75 years ago: Fellowship of COs formed

IssueJune 2014
Comment by Albert Beale

To enable conscientious objectors to conscription to unite for mutual support and encouragement, a Fellowship of Conscientious Objectors was formed in London last week. Membership is confined to young men affected by the Military Training Bill.

This development recalls the formation during the early days of the Great War of the No Conscription Fellowship (NCF), which not only supported conscientious objectors in various ways but also carried on a great deal of propaganda work.

Formation of the new Fellowship was announced by Fenner Brockway at a National Conference held by the No Conscription League in Bermondsey Town Hall on Sunday. The response to a letter from Fenner Brockway in the Labour Leader in 1914 led to the formation of the war-time NCF.

In a statement, the Fellowship declares, ‘We refuse to prepare for the slaughter of our bothers in other lands, and call upon all who share our convictions to join with us in our refusal.’...

Nearly 550 delegates and 35 individuals attended the NCL National Conference. They had come from many parts of the country and included 76 delegates from Labour Party organisations; 91 from the Independent Labour Party; 83 from pacifist organisations (including 75 from the PPU); 95 from Co-operative organisations, and 84 from NCL branches...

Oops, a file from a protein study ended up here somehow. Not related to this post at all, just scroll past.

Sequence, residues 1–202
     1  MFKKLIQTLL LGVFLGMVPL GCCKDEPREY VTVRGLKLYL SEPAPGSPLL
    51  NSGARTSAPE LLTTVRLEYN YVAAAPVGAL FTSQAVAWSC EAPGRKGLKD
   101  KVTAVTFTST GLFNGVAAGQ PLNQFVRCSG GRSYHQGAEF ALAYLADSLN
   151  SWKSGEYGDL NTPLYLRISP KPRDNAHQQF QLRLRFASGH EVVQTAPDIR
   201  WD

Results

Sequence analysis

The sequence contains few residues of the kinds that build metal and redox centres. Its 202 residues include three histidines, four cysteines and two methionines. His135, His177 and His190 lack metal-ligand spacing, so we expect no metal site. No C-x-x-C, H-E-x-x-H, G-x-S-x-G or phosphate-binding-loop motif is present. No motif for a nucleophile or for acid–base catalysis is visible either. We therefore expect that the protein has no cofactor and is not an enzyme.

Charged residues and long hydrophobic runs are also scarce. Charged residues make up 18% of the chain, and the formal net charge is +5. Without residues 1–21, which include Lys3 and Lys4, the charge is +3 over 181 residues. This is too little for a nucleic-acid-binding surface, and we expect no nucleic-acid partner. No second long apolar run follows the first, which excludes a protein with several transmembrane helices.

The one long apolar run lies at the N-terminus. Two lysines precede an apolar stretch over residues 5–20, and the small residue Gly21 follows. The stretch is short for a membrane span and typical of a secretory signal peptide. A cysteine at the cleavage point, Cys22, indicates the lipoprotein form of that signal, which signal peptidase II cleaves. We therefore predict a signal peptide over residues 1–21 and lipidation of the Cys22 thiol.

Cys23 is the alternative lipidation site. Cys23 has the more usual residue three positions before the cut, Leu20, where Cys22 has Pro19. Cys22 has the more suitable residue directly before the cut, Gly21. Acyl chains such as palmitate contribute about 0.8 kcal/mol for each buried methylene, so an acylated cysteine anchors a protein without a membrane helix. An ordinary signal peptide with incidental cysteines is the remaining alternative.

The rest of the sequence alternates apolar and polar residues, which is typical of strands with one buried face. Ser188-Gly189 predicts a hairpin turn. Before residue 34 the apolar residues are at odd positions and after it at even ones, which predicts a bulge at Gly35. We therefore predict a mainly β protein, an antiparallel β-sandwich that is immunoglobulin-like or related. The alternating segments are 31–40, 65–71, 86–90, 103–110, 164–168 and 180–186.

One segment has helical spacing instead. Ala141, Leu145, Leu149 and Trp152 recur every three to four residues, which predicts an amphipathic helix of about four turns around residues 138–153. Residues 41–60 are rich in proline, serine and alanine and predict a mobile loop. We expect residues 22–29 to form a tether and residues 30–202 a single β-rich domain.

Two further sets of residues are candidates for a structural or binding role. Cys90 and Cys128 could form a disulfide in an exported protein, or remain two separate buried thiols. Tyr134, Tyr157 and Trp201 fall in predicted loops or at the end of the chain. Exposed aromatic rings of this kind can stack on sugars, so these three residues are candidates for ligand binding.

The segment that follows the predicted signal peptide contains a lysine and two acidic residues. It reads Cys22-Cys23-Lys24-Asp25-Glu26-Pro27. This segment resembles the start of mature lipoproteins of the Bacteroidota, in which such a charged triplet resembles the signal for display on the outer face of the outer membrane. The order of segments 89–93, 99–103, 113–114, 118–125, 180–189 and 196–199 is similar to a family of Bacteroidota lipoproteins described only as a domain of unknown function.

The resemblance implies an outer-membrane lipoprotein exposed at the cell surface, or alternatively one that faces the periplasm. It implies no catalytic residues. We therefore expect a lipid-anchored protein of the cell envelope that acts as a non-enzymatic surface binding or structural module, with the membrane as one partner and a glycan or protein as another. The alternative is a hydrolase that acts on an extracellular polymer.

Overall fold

John Barclay, of the Peace Pledge Union, told how PPU membership was growing rapidly, and offered the co-operation of PPU groups. Many speakers urged the need for activity within the Labour movement, and Fenner Brockway, in opening the discussion on organisation, said they wanted delegates to go back to their co-operative, labour, and trade union organisations and say that the conference had made clear that if their ideals were to be realised it must be in the day-to-day struggle in which they were engaged.


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